Playwright’s intentions defended

Two recent articles spoke of the issue of playwrights defending their intentions in production.

Australia’s Belvoir theatre company based in Sydney has, over the years, faced a number of cases of opposition from playwrights (or their estates/ rights holders) over their re-interpretive productions of plays.  The recent article talks of their cutting of the Requiem scene at the end of Death of a Salesman, and mentions previous run-ins with the estate of Samuel Beckett over the music used during the production of Waiting for Godot and their attempt to de-contextuaralize Edward Albee’s Who’s Afraid of Virginia Woolf?.

On a slightly different note, playwright Bruce Norris recently shut down a planned production of his Pulitzer winning play Clybourne Park in Germany over his objection to their intention to have non-black actors to perform the African American characters in his play, but to have them perform in blackface.  NY Times article here.  This is not unlike another recent incident where playwright Stephen Adly Guirgis objected to the casting of a regional production of one of his plays where the characters were intentionally written to be minorities.

Often, the argument of making changes for a production comes down to a legal issue – by purchasing the rights to produce a work, the producer is contractually obligated to stage the play as written, with no changes to the text and as close to staging it as described as possible.  Many well-established playwrights tend to be sticklers about how true a production must stay to the written text (including staging) – often because the staging (the set, the blocking) are integral to the meaning of the work.  Other writers are welcoming to the idea of making adjustments, and are happy to alter dialogue, allow for casting variations (gender, race, etc), or make other concessions simply because they want to have their play staged in as many venues as possible.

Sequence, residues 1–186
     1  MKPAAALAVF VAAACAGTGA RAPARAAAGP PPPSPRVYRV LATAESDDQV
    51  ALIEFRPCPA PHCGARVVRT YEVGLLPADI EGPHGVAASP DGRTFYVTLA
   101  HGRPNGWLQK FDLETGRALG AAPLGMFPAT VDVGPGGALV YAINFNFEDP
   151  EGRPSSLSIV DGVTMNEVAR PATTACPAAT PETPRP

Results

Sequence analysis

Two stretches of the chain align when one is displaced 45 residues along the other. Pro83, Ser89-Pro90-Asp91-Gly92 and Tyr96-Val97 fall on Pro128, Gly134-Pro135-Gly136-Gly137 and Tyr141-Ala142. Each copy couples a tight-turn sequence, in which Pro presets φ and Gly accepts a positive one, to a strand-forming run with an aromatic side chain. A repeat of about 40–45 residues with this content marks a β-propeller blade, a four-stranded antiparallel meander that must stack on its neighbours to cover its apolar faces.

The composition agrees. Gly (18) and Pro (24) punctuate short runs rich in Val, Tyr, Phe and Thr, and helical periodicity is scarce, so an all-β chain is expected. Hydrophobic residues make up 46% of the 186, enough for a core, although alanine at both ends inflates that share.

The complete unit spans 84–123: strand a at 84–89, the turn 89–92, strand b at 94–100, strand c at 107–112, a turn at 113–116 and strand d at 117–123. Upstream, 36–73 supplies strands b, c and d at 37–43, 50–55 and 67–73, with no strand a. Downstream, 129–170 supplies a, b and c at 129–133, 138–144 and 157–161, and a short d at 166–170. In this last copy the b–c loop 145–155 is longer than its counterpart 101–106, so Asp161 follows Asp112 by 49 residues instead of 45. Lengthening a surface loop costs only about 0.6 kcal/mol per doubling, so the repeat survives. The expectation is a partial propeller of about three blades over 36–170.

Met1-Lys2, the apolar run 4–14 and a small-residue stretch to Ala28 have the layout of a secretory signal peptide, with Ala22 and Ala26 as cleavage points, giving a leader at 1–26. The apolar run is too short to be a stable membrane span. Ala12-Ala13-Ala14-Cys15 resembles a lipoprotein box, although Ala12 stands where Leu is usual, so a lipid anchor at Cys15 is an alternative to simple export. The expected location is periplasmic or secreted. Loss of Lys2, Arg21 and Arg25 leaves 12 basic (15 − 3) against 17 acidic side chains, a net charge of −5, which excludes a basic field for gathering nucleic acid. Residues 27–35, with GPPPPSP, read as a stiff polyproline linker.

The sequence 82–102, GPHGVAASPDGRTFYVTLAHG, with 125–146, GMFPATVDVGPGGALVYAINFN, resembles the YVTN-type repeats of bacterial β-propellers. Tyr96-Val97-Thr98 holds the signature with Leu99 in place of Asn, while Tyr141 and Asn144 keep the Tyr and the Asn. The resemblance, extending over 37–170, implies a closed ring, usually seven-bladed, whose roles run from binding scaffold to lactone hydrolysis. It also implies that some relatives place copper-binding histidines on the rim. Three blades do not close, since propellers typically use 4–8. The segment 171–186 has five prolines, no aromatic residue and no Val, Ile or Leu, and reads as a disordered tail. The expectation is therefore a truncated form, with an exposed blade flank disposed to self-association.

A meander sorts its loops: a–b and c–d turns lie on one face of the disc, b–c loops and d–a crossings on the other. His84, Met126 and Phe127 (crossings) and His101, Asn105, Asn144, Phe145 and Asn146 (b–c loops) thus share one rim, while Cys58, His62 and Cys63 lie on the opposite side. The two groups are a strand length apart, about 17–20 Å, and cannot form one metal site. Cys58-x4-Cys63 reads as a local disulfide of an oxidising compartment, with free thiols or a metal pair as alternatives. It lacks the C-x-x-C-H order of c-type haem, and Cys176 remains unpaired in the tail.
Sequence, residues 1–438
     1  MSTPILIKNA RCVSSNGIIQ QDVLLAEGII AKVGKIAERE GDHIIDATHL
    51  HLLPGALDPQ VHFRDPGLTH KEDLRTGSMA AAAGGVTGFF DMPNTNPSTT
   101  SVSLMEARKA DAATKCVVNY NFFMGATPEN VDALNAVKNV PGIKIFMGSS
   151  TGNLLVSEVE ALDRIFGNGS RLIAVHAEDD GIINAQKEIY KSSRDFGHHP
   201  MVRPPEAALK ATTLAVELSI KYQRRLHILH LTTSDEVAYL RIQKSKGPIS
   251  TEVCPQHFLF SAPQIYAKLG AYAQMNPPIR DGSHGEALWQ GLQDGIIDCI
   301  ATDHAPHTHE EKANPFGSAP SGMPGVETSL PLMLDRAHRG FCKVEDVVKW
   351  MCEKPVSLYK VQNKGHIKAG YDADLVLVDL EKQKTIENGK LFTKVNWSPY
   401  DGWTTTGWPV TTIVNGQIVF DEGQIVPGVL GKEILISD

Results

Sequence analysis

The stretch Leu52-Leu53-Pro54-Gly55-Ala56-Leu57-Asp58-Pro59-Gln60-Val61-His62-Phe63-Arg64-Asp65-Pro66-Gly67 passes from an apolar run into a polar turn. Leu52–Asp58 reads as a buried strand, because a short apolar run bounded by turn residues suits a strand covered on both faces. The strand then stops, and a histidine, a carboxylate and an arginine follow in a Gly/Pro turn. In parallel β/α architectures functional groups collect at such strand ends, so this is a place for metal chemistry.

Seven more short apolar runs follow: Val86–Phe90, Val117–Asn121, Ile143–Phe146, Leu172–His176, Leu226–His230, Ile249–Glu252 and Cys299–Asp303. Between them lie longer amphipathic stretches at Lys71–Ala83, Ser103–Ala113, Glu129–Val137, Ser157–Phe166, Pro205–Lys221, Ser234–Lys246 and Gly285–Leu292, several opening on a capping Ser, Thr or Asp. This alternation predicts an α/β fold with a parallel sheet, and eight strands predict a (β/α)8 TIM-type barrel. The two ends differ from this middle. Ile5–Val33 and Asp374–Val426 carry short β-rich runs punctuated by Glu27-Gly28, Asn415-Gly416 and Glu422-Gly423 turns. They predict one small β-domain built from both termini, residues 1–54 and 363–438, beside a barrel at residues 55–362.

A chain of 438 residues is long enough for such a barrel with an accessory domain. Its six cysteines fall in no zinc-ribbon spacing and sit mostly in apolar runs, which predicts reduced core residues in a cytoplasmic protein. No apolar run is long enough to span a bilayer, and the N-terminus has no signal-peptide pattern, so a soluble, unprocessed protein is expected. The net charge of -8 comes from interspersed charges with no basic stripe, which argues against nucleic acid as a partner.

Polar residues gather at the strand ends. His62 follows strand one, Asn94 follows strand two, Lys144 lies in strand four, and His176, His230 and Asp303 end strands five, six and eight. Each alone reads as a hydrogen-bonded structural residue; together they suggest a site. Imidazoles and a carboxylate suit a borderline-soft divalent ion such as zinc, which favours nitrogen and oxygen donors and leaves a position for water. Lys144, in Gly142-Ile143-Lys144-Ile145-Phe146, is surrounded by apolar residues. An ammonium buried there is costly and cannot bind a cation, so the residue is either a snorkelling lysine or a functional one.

The important factor is that any adjustments that a producer might want to make should always be discussed with the writer and/or the rights holder before putting them in place.  That’s more than a legal obligation, that’s an ethical one.


Most of us are aware of understudies, actors who fill in for another actor who is sick or injured or otherwise can’t perform.  But with up to 10 jobs backstage for every person who is on stage – a similar system is necessary for crew people – lighting, sound, prop crew, costumes – and front of house (box office, house management, etc).  This is an ARTICLE about a guy whose  career is as a fill-in for company managers and house managers who need a replacement.

NY Times article on being a parent and in the theatre


An article in the New York Times about the experience of Maddie Corman, a 40 year old mother of 3 who is now appearing in the new show on Broadway, Geoffrey Naufft’s “Next Fall”.

Regular topics of conversation in our department include how to maintain a healthy lifestyle and potentially raise a family while pursuing a life in the theatre, and how just gaining life experience can and will influence an actor’s abilities on stage.  This article touches both of those topics.